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Philip IV the Fair was King of France from 1285 until his death. A member of the Capetian dynasty, Philip was born at the Palace of Fontainebleau at Seine-et-Marne, the son of King Philip III and Isabella of Aragon. Philip was nicknamed the Fair (le Bel) because of his handsome appearance.

As a king, Philip was determined to strengthen the monarchy at any cost. He relied, more than any of his predecessors, on a professional bureaucracy of legalists. His reign marks the French transition from a charismatic monarchy–which could all but collapse in an incompetent reign–to a bureaucratic kingdom, a move towards modernity.

On October 13, 1307, what may have been all the Knights Templar in France were simultaneously arrested by agents of Philip the Fair, to be later tortured into admitting heresy in the Order. A modern historical view is that Philip, who seized the considerable Templar treasury and broke up the Templar monastic banking system, simply sought to control it for himself.

Philip tried and tortured a number of the Templars that he had captured, and in 1314 he had Jacques de Molay, the Templar Grand Master, and Geoffrey de Charney, the Preceptor of Normandy, burned at the stake. It is said that de Molay cursed both Philip and Clement V from the flames and then he summoned them before God's Tribunal within a year; both king and pope died within the next year.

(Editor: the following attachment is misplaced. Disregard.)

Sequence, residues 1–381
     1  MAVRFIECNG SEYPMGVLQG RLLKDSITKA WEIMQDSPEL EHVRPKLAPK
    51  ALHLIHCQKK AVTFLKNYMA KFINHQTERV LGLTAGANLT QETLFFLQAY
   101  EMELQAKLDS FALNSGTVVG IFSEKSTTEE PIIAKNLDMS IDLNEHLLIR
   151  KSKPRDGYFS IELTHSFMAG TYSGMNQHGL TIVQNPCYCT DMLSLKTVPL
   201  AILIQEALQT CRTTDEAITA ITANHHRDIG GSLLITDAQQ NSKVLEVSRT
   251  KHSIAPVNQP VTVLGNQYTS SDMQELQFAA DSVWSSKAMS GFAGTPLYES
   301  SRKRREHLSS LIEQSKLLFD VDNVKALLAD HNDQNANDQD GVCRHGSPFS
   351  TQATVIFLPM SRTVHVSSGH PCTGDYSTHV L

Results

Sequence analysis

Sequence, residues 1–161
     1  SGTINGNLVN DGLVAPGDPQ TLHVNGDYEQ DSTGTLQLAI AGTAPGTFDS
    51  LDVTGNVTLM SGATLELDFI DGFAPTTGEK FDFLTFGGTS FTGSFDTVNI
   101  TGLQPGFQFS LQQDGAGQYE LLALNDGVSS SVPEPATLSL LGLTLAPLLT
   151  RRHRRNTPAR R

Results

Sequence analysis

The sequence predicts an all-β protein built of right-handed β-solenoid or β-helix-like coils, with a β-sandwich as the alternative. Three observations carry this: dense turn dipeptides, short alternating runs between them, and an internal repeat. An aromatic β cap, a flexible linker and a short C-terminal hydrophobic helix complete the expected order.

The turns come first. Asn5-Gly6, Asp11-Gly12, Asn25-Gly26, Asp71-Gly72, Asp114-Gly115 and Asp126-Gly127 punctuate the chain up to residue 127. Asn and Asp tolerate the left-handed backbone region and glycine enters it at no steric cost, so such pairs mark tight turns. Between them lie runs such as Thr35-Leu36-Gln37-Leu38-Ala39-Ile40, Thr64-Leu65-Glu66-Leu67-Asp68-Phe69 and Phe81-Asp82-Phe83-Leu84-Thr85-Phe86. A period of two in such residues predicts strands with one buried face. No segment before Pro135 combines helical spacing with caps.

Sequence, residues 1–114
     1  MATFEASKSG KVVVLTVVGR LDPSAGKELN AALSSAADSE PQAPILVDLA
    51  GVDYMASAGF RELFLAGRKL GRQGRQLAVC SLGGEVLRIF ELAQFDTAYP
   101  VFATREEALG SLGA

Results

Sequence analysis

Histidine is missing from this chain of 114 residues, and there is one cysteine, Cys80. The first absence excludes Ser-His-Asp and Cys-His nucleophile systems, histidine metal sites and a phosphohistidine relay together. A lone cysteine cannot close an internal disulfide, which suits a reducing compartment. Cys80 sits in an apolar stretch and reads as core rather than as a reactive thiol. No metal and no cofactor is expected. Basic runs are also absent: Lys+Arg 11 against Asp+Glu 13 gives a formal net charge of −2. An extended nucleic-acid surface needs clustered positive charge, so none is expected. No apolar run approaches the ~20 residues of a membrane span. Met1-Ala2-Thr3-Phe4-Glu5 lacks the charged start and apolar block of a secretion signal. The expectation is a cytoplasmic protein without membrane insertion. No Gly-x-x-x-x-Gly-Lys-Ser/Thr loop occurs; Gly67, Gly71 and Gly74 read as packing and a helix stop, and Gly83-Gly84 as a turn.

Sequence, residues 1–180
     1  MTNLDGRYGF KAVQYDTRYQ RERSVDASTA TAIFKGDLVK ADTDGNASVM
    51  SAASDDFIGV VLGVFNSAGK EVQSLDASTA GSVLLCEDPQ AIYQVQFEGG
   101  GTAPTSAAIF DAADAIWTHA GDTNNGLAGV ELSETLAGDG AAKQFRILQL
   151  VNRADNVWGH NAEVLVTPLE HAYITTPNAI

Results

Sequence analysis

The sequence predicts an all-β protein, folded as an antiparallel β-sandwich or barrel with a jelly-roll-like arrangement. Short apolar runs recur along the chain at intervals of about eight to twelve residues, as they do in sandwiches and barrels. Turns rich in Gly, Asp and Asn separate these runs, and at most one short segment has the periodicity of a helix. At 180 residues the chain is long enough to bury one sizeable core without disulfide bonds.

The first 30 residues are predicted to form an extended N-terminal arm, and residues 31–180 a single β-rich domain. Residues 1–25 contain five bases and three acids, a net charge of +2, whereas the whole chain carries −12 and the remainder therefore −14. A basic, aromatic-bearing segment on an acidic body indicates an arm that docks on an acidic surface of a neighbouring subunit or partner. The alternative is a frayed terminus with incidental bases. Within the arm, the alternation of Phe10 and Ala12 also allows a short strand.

Philip IV's rule signaled the decline of the papacy's power from its near complete authority. He died during a hunt and is buried in Saint Denis Basilica.

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Philip IV the Fair was King of France from 1285 until his death. A member of the Capetian dynasty, Philip was born at the Palace of Fontainebleau at Seine-et-Marne, the son of King Philip III and Isabella of Aragon. Philip was nicknamed the Fair (le Bel) because of his handsome appearance.

As a king, Philip was determined to strengthen the monarchy at any cost. He relied, more than any of his predecessors, on a professional bureaucracy of legalists. His reign marks the French transition from a charismatic monarchy–which could all but collapse in an incompetent reign–to a bureaucratic kingdom, a move towards modernity.

On October 13, 1307, what may have been all the Knights Templar in France were simultaneously arrested by agents of Philip the Fair, to be later tortured into admitting heresy in the Order. A modern historical view is that Philip, who seized the considerable Templar treasury and broke up the Templar monastic banking system, simply sought to control it for himself.

Philip tried and tortured a number of the Templars that he had captured, and in 1314 he had Jacques de Molay, the Templar Grand Master, and Geoffrey de Charney, the Preceptor of Normandy, burned at the stake. It is said that de Molay cursed both Philip and Clement V from the flames and then he summoned them before God's Tribunal within a year; both king and pope died within the next year.

Philip IV's rule signaled the decline of the papacy's power from its near complete authority. He died during a hunt and is buried in Saint Denis Basilica. More

 
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